Commandeering Cuteness for Commercialism

Why small fry means big profit

Posted Aug 27, 2016

Photo by Anna Villano
Source: Photo by Anna Villano

This is my writing partner Samie. I love this little girl. And love and care is all she really wants. My friend rescued her from an animal shelter with a high kill rate. Today I’m babysitting.

Weighing in at only five pounds, she punches way above her weight class in her ability to move people. Every time I look at Samie I feel compelled to give her a soothing belly rub, a delicious treat or purchase her a brand new toy. I have yet to teach her a trick. But every time I look her way, she is the one that’s actually playing a trick on me.

That’s because evolution has instilled in our nervous system a feel good response to human babies. Research has shown that gazing at cute babies releases dopamine, which automatically shifts our feelings and behaviors in their favor. And since the goal of evolution is survival, this makes perfect sense. If we didn’t find these vulnerable little creatures so compelling and actively assist in promoting their welfare, they would never survive and neither would our species.

Samie is the beneficiary of an evolutionary spill over. In other words, we find baby animals so adorable because our brains have evolved a cuteness code that interprets features like big eyes, little noses and plump little bodies in much the same way it processes the appearances of human babies. This neural code of cuteness does not discriminate across species, so it leaks onto virtually all other baby animals. It even spills over onto inanimate objects that tend to share these attributes.

In this instance, nature’s artifice is Samie’s gain. She eats freshly cooked human food, commands $85 haircuts and has a never-ending supply of chew toys. And when I take her to the dog park, I watch vigilantly over her and protect her not unlike a father watching over his own toddler. All that Samie wants to do right now is rest her tiny body against the warmth of the side of my leg as we sit comfortably on the sofa. Ordinarily she prefers my lap, which unfortunately is being occupied by my laptop as I write this article. I rub her belly. She lifts my spirits. Seems to me like a fair value exchange. And both Samie and I are totally cool with this arrangement.

What you may not realize is the extent to which cuteness can be packaged and scaled as a commodity for commercial gain en masse. That’s right, small is the new big when it comes to business and branding. That’s because the goal of marketing, biologically speaking, is to trigger the release of dopamine and shift those feelings in the brand’s favor. That’s because dopamine not only triggers good feelings, but also generates wanting behavior and even addiction. Marketers call it brand loyalty and retention. If you’re a shopaholic, blame it on dopamine.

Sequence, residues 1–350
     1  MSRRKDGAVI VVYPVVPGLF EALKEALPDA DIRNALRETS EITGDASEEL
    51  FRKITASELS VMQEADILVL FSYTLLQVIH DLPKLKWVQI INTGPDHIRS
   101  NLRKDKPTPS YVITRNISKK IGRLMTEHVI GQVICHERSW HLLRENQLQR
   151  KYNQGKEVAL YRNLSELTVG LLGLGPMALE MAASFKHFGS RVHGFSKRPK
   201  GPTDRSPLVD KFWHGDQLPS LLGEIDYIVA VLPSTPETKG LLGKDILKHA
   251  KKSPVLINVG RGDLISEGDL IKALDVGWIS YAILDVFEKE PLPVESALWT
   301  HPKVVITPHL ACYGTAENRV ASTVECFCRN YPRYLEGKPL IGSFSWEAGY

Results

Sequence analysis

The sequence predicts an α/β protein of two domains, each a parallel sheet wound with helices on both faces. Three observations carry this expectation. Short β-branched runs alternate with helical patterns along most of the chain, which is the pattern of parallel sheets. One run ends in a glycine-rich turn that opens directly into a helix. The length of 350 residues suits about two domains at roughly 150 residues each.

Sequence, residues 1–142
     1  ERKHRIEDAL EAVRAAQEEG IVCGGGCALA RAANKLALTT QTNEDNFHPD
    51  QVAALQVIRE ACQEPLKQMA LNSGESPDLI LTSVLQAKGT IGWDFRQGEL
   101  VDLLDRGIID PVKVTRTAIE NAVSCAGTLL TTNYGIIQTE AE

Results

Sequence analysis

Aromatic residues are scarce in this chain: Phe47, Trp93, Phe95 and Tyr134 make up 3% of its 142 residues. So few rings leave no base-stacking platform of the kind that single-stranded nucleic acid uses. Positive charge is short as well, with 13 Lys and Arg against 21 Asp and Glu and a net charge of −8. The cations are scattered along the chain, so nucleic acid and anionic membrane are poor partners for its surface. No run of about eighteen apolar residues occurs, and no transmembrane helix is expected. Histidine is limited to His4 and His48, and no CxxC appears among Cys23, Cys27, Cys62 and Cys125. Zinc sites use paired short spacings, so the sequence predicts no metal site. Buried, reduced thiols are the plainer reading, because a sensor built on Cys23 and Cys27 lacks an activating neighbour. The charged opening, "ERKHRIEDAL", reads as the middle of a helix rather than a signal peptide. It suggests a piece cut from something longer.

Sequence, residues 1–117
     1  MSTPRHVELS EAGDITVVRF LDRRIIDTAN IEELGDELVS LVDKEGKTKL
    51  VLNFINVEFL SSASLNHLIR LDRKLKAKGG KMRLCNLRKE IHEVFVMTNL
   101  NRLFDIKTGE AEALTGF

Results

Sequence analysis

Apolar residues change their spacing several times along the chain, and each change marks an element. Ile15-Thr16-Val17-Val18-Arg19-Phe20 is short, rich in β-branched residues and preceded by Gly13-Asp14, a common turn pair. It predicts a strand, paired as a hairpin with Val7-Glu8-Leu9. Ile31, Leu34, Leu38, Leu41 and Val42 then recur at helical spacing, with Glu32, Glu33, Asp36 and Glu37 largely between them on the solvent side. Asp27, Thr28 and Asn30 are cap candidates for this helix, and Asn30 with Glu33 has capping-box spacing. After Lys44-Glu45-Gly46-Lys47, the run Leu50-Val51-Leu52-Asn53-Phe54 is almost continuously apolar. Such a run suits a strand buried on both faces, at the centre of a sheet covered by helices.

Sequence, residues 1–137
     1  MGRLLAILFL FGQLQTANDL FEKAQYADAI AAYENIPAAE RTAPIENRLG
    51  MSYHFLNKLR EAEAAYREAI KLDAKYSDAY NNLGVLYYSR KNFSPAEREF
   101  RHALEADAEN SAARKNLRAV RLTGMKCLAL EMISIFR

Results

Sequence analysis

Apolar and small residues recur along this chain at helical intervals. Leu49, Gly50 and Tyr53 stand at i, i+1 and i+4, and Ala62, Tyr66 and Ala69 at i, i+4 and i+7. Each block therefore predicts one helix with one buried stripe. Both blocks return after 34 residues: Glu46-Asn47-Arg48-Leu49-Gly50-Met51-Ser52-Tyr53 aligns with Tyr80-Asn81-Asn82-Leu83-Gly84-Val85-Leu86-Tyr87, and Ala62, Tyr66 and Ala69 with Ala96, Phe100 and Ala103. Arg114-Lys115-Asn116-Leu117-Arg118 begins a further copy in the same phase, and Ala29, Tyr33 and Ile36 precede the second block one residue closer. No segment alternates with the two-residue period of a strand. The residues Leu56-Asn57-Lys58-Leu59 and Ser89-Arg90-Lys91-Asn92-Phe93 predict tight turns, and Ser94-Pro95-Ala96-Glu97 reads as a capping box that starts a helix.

Take for instance the most viral ads of 2015 and you’ll notice that 3 of the top 5 of the most shared ads commandeered the almighty power of cuteness in the form of puppies and other baby animals. This is what is known as “earned media” (as compared to “paid media”), because it doesn’t cost the marketer anything and is the result of creating an effective ad that spreads organically through the web. Ads become viral when they trigger emotions that compel you to share in those feelings with others. This results in consumers generating the media impressions on behalf of the company free of charge, by voluntarily sharing the ad with their friends online. This is marketing gold and the holy grail of advertising.

         1) Android "Friends Furever"


         3) Purina "Puppyhood"


         5) Budweiser "Lost Dog"


And this effect doesn’t just spill over onto the advertising. It overlaps onto the actual product itself. Pokémon Go players reportedly forked over upwards of $250 million on the addictive mobile game in the first few weeks of the product’s launch according to an international survey. Gamers eagerly engaged with the brand’s cute and cuddly cast of characters in the real world through the use of augmented reality. And the numbers are suggesting that the game is tracking to hit $1billion in sales, according to the Financial Times.

And witness recently, a surreal video that purportedly shows thousands of people stampeding the streets of Taiwan while playing Pokémon Go in an effort to capture the rare and elusive Snorlax. Players seem out of control, ignoring traffic safety and risking their own lives for a video game! But that shouldn’t be so surprising if you understand that the dopamine response generated from the cuteness code is not something that we humans or consumers consciously control. Contagion in marketing is caused by feelings not reasoning.

And there are numerous other examples of how the cuteness code can be hijacked and leveraged by inanimate products for commercial gain. The Volkswagen Beetle is one of the top selling cars of all time and was launched by the acclaimed “Think Small” campaign that was ranked as the best advertising campaign of the twentieth century by industry pundits. Similarly, MINI has been proven to be one of BMW’s most successful investments ever. And consumers often pay more for a mini 7.5 ounce can of Coke than they do for a regular 12 ounce can, even though the regular can is nearly twice the size.

I have to go now. Samie just woke up. And that means we have to head to the dog park. She’s insisting. I don’t know about you, but I’ll take Samie over Pikachu any day of the week.

If you would like to learn more about the non-conscious influences on our brand purchases and why ideas go viral. Check out my book, my articles on twitter, or our live workshops at